Investor: Time for health insurance companies to act like D2C businesses

By Jonah Comstock
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Psilos reportHealth insurers need to make a change fast, according to a new report from investment firm the Psilos Group. The group's 2014 Healthcare Outlook report contends that the shift in insurers' customer base from mostly employers to mostly individuals, spurred by the Affordable Care Act, will lead to a major shift in how the insurance market works.

“The health insurance industry’s 50-year legacy as a business-to-business model is on the edge of irrelevance,” Steve Krupa, managing member of Psilos Group, said in a statement. “The health insurance market is rapidly shifting to 40 percent individual policies from just 10 percent prior to the Affordable Care Act. A change of this magnitude affects every stakeholder in healthcare. However, with this change comes an enormous opportunity for forward-thinking companies and new investment.”

In a call with MobiHealthNews, Krupa stressed that up until now, insurance companies have looked at individual consumers as end users, but not, by and large, as customers. To sell to individuals, insurance companies need to find ways to become trusted consumer brands.

"Today, most people have interactions with their insurance companies under strife. They’re sick, they just got injured, they’re trying to pay the bills of a family member that just had surgery," he said. "They don’t have a relationship with their insurance company until something like that happens, and by that very nature, that relationship is going to be strained when it becomes activated. So I think the insurance companies have to figure out how to activate that relationship during other times."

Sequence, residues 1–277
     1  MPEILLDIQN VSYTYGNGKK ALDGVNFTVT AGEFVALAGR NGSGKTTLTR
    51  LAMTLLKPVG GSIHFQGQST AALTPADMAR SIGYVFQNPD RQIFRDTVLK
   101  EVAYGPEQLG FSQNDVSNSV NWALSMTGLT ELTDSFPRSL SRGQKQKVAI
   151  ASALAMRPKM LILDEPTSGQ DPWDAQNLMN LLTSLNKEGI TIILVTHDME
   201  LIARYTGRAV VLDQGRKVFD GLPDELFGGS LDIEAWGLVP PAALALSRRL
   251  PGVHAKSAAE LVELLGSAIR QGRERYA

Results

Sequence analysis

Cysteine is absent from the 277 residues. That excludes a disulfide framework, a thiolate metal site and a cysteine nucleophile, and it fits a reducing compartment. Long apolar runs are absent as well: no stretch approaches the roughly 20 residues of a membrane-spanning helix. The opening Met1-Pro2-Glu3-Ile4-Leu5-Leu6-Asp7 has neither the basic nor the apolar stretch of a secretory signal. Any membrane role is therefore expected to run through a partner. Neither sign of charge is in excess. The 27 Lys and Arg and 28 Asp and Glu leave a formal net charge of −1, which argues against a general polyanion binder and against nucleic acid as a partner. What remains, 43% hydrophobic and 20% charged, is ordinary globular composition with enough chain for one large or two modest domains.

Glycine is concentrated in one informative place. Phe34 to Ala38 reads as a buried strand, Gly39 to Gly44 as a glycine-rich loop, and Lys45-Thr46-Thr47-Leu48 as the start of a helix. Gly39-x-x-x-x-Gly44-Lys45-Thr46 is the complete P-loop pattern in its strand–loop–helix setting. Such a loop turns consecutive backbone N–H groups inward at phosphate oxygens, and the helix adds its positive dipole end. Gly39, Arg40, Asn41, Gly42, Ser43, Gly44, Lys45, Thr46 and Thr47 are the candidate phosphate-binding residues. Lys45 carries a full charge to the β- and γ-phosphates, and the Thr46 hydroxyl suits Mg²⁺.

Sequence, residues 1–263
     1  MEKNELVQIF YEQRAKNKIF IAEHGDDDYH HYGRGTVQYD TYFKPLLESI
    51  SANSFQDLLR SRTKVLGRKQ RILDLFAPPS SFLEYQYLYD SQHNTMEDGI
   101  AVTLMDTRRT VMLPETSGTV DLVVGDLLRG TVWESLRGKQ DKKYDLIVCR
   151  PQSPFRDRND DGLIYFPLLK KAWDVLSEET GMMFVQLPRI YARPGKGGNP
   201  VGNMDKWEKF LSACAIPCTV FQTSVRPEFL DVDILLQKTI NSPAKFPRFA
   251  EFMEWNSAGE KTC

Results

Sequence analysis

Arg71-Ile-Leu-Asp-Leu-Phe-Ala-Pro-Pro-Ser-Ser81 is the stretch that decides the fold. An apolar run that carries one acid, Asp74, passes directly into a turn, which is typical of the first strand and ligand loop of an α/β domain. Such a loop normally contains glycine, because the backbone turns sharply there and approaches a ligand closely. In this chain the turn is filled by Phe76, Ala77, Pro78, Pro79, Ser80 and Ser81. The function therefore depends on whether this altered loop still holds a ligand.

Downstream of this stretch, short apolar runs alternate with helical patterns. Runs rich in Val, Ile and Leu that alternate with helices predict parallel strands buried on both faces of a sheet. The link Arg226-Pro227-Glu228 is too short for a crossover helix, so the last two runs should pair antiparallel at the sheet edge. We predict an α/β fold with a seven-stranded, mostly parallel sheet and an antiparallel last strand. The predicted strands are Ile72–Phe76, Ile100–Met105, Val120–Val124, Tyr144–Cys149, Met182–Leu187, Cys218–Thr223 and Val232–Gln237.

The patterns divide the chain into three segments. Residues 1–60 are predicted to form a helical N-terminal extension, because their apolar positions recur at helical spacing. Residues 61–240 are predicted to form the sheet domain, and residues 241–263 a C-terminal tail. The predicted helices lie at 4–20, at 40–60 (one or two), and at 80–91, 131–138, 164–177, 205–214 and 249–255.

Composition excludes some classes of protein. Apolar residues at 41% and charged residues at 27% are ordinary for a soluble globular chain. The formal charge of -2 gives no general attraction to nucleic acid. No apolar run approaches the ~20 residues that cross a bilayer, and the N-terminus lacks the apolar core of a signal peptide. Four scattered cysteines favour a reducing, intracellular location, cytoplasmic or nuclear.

But just changing the branding without changing the product won't be enough for insurers to win in a post-consumerization world. The report lays out changes insurance companies should make along every step in the company's value chain: research, product development, supply chain management, provider network management, operations, and marketing.

The changes laid out under those sections are wide-reaching, encompassing more cost transparency, a la carte purchasing options, and consumer-facing products like patient health portals, claims calculators, and health engagement rewards programs. Krupa identified claims management as one of the most important areas, citing Cognizant's acquisition of TriZetto as an example of the sort of investment insurers will start to make in improving those systems.

"I look at how insurers pay claims, manage data, transmit that data, and how they make it available to various stakeholders, and it doesn’t have the same robustness and modernness of most other industries that serve consumer interests," he said. "And I think that’s an important part of where things are headed and I think that as they begin upgrading that area of their business, it will make it more logical as to how they add other features to their product that will appeal to consumers."